Diatom communities are influenced by environmental perturbations, such as the monsoon system that impact the niche opportunities of species. To discern the influence of the monsoon system on diatom community structure, we sampled during two consecutive post-monsoons (2001 and 2002) and the intervening pre-monsoon at Mumbai and Jawaharlal Nehru ports along the central west coast of India. Characteristic temporal shifts in diatom community structure were observed across the sampling periods; these were mainly driven by temperature, salinity and dissolved oxygen saturation. The nutrient-poor pre-monsoon period supported low abundance yet high species richness and diversity of diatoms. Coscinodiscus, Cyclotella, Thalassiosira, Triceratium, Pleurosigma, Skeletonema and Surirella were the most dominant genera. Both the post-monsoon periods, following dissimilar monsoon events, were dominated by Skeletonema costatum, but differed in some of the residual species . Thalassiosira and Thalassionema spp. dominated mostly during post-monsoon I whereas Triceratium and Pleurosigma spp. dominated during post-monsoon II. To understand the underlying ecological mechanisms involved in such dynamics, we focus on the dominant diatom species in post-monsoon periods, S. costatum, that contributes up to 60% to total diatom cell numbers. This research is relevant in light of the fluctuating monsoon regimes over the Asian continent, the confounding effects of anthropogenic eutrophication and the resulting cascading effects on trophic web dynamics.

  17. Magmatic Versus Amagmatic Rifting in the East African Rift System from Pn and Sn Tomography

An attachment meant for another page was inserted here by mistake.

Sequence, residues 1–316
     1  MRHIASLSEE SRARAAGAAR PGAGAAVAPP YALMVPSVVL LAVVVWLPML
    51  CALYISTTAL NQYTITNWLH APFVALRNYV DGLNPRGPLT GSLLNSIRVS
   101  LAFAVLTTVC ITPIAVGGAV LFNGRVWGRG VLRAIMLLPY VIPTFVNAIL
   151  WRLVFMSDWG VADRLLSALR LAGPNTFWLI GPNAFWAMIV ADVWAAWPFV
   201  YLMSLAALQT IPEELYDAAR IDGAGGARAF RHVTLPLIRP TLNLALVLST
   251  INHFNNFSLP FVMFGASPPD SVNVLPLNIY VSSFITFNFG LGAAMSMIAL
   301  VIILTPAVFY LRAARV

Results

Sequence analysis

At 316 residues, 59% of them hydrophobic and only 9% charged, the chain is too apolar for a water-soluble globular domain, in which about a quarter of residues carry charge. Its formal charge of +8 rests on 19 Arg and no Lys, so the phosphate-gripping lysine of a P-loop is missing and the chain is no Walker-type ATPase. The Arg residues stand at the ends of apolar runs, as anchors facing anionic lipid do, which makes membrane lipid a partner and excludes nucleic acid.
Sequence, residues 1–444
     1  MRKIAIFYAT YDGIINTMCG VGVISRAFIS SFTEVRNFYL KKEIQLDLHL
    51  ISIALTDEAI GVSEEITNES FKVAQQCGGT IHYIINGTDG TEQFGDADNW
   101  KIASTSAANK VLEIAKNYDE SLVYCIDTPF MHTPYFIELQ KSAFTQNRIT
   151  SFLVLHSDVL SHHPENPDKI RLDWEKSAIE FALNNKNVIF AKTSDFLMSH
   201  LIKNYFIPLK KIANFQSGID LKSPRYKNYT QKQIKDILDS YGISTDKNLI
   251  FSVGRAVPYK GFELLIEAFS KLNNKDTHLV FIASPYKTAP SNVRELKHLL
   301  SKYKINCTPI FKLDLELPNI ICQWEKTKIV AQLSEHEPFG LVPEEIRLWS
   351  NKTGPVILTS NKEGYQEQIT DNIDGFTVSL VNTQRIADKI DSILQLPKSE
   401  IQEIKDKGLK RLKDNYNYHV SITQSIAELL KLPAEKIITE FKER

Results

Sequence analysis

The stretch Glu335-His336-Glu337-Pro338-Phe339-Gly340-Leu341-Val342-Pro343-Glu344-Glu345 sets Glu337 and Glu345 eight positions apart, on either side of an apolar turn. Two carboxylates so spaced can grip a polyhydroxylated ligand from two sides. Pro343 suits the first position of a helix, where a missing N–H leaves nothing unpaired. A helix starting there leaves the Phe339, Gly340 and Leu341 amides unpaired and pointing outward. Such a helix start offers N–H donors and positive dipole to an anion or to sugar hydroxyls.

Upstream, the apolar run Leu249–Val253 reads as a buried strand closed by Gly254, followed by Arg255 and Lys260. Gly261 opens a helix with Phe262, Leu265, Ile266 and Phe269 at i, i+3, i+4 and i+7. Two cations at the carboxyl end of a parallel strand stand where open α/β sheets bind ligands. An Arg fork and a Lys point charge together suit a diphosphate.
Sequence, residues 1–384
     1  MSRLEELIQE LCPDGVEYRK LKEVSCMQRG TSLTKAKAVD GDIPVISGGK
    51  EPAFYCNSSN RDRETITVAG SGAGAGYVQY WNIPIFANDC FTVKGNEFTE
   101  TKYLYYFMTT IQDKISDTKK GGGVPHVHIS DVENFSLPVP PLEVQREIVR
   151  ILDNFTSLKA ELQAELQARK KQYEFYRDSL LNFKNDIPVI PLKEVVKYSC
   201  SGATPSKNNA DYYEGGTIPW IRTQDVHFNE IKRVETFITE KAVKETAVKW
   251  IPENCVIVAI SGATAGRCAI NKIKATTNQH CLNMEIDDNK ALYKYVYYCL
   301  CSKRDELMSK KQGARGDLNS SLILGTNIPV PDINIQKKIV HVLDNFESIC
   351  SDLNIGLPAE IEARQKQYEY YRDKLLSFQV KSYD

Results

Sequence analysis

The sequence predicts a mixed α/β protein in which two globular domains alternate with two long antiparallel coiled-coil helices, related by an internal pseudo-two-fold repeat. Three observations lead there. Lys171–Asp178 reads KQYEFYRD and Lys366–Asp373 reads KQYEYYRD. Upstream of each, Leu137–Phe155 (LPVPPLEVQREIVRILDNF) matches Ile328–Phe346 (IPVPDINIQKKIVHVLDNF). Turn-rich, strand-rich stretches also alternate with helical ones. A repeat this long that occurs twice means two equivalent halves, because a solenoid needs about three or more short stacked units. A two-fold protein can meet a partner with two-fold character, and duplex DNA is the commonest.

NASA Astrophysics Data System (ADS)

    O'Donnell, J. P.; Nyblade, A.

    2014-12-01

    Geodynamic models of rifting currently rely on the mechanism of hot mantle upwelling and decompressional melting to weaken lithospheric rock to the degree that rifting can initiate. However, many rift segments worldwide are apparently amagmatic. The East African Rift System is a prime example, with large sections of the system subaerially amagmatic. We seek to address the question of whether these apparently amagmatic rift segments merely lack a surficial expression of magmatism which exists at depth, or whether rifting is genuinely amagmatic. Based on regional earthquakes recorded by the Tanzania Broadband Seismic Experiment, the Kenya Broadband Seismic Experiment, the AfricaArray East African Seismic Experiment and several permanent GSN stations, we probe for uppermost mantle melt signatures along the East African Rift System using P- and S-wave speed ratios derived from Pn and Sn tomography. Pn- and Sn-velocity models, and their ratio which can be diagnostic of the presence of fluids, will be presented.

  18. Impacts of East Asian aerosols on the Asian monsoon

    NASA Astrophysics Data System (ADS)

    Bartlett, Rachel; Bollasina, Massimo; Booth, Ben; Dunstone, Nick; Marenco, Franco

    2016-04-01